I started fencing Sabre 19 years ago (makes me feel old to know I have been fencing longer than some of the young guys in the GB squad with me have been alive!), I competed at the 2012 Olympic Games and have been on the World Cup Circuit for over 10 years, and for the vast majority of that time I have fenced with one type of blade, or something incredibly similar to it. In fact, nearly all international Sabre fencers use very similar blades to each other. However post Tokyo 2020(1), we will all need to move away from the blades we are using now…
At the last FIE SEMI & Medical Commission meetings it was decided that at FIE events Sabre blades would now need to be made from maraging steel, this means that Sabre will now fall in line with Foil & Epee, who have had to use maraging blades for many years now. Whilst I think this makes 100% sense from a safety point of view, it was not necessarily a popular decision from a performance point of view.
As it stands very, very few high level Sabre fencers use maraging blades currently, whilst some bystanders would say this is because ‘they just use what they are used to’ or ‘they just don’t want to pay for the more expensive blades’, I had a different opinion on this. At international level athletes will want to use the kit that allows them to perform to their highest level, and I don’t think all of us as a community were just stubborn about changing or were stingy on wanting to pay more. When I relocated back to the UK from Hungary and started working here at Leon Paul, I built myself some new sabres for the upcoming World Cup Season and I built these with the most expensive ‘top of the range’ blades (which were the maraging blades). After my first World Cup of the Season I swapped these blades back out for the cheaper blue blades for entirely performance reasons. The maraging blades felt heavy, unbalanced (despite being set the same way as my previous blades) and unresponsive.
After casually mentioning this to some colleagues here at Leon Paul it was jokingly said how all us fencers were stubborn and resistant to change, but this made me want to look into the blades in a bit more detail to see what the differences were, so I could say more than ‘they just don’t feel nice’. Looking into the science of it I found that:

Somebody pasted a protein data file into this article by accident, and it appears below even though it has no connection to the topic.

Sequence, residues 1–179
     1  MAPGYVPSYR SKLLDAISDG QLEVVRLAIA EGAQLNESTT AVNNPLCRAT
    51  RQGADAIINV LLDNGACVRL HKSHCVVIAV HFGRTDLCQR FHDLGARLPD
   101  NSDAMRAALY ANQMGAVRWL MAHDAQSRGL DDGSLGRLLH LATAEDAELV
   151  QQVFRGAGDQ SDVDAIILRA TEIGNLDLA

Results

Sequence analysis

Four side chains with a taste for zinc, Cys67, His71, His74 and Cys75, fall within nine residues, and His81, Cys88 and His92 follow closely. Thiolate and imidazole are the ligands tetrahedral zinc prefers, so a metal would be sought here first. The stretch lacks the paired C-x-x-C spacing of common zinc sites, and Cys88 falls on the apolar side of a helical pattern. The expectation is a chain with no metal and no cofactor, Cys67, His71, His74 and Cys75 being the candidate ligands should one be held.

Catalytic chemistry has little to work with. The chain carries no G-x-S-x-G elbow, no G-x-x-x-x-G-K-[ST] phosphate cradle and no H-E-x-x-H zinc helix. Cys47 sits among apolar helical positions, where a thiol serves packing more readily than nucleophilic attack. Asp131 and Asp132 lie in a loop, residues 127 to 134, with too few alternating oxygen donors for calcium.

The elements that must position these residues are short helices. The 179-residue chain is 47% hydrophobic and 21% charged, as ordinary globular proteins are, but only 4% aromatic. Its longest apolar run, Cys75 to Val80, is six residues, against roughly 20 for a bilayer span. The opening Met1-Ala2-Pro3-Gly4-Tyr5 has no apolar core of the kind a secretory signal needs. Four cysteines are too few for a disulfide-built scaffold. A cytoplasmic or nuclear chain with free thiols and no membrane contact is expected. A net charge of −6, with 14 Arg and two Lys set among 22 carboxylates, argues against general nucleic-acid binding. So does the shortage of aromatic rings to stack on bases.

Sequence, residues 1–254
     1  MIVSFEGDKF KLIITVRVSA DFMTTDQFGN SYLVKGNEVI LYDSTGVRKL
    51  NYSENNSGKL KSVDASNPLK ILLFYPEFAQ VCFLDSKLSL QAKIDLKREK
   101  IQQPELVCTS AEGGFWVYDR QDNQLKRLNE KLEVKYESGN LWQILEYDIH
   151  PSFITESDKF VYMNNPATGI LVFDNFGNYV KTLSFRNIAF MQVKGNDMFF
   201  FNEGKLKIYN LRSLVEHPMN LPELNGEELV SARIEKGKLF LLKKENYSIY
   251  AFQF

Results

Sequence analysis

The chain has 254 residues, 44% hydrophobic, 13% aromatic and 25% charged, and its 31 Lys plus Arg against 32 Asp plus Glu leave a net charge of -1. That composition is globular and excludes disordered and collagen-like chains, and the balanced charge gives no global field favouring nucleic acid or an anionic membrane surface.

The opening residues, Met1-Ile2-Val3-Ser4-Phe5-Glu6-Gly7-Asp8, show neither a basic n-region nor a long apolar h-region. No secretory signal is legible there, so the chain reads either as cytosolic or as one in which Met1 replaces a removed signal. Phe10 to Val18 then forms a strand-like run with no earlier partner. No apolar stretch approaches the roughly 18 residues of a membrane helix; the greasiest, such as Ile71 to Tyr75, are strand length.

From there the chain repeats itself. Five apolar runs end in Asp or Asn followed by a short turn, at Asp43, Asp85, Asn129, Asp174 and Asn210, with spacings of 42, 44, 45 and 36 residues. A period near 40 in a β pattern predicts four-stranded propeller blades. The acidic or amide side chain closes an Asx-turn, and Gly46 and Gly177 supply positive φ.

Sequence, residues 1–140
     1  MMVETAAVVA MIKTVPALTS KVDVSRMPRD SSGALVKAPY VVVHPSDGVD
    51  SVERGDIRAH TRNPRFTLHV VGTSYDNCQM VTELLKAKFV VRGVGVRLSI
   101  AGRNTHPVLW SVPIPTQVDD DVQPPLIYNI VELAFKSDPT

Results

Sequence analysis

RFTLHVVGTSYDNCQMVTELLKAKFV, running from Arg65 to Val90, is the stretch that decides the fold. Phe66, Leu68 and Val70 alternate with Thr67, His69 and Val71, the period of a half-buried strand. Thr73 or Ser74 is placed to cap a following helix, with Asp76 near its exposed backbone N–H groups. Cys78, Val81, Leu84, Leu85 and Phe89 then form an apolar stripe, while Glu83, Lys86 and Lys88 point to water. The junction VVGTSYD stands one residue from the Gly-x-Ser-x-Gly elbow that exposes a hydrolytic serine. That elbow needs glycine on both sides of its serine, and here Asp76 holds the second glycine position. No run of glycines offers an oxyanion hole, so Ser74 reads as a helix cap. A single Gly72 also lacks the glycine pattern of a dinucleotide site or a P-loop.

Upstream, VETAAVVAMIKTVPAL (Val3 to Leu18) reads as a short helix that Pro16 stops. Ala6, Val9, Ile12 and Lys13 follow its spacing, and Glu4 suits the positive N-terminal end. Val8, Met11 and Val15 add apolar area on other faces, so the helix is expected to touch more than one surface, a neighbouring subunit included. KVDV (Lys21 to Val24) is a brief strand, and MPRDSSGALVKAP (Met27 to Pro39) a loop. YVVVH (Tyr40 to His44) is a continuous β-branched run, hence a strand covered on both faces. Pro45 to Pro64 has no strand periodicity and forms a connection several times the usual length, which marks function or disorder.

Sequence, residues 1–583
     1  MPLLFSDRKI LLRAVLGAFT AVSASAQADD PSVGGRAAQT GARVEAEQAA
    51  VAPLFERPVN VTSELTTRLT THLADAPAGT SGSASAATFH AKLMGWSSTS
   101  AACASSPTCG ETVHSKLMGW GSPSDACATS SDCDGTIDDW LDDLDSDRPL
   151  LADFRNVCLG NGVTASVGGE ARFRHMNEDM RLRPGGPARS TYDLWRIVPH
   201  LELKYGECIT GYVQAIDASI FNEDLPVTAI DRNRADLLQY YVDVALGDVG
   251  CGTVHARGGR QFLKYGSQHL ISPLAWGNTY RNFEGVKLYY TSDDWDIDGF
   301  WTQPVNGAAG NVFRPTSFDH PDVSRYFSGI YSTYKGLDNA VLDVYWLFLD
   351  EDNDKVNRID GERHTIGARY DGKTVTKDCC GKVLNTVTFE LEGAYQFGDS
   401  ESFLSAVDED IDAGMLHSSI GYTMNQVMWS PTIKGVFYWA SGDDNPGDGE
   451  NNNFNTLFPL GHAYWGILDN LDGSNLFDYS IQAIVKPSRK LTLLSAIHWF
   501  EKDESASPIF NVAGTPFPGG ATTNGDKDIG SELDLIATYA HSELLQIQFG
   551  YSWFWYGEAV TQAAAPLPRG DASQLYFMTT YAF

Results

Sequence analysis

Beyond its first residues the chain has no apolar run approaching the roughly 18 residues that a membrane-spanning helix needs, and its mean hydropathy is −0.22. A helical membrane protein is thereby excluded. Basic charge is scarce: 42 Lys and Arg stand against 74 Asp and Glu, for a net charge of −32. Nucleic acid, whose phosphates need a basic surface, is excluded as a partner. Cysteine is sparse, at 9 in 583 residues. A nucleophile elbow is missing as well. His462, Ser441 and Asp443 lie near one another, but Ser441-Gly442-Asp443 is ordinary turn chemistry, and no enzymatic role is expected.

Carbon steel (which non maraging blades are made from) is a steel with carbon content from about 0.05% up to 2.1% by weight. The definition of carbon steel from the American Iron and Steel Institute (AISI) states:
- no minimum content is specified or required for chromium, cobalt, molybdenum, nickel, niobium, titanium, tungsten, vanadium, zirconium, or any other element to be added to obtain a desired alloying effect;
- the specified minimum for copper does not exceed 0.40%;
- or the maximum content specified for any of the following elements does not exceed the percentages noted: manganese 1.65%; silicon 0.60%; copper 0.60%
Maraging steel contains an extremely low amount of carbon (0.03% maximum) and a large amount of nickel (17–19%) together with lesser amounts of cobalt (8–12%), molybdenum (3–5%), titanium (0.2–1.8%) and aluminium (0.1–0.15%).
Whilst this was interesting, it didn’t really answer my question as to why non maraging blades felt better from a performance point of view. But my next thought was that Foil & Epee currently have a far greater range of blades available. With different styles of maraging blade, and then a choice of stiffness for each different style of blade, where as in Sabre we currently have one choice when it comes to maraging blades: a standard maraging blade. This led me to think that it isn’t maraging steel that is the problem, it is just this one type of blade! My next step was to convince the rest of the guys here at Leon Paul that us Sabreurs weren’t just being picky, and that we also deserved/wanted a great maraging blade (or even a choice of them!), after much grumbling in the office and around the lunch table, I have successfully convinced them that this is something worth working on. So watch this space for a Sabre blade with the lifespan and safety of a maraging blade, with the performance of a current non maraging blade…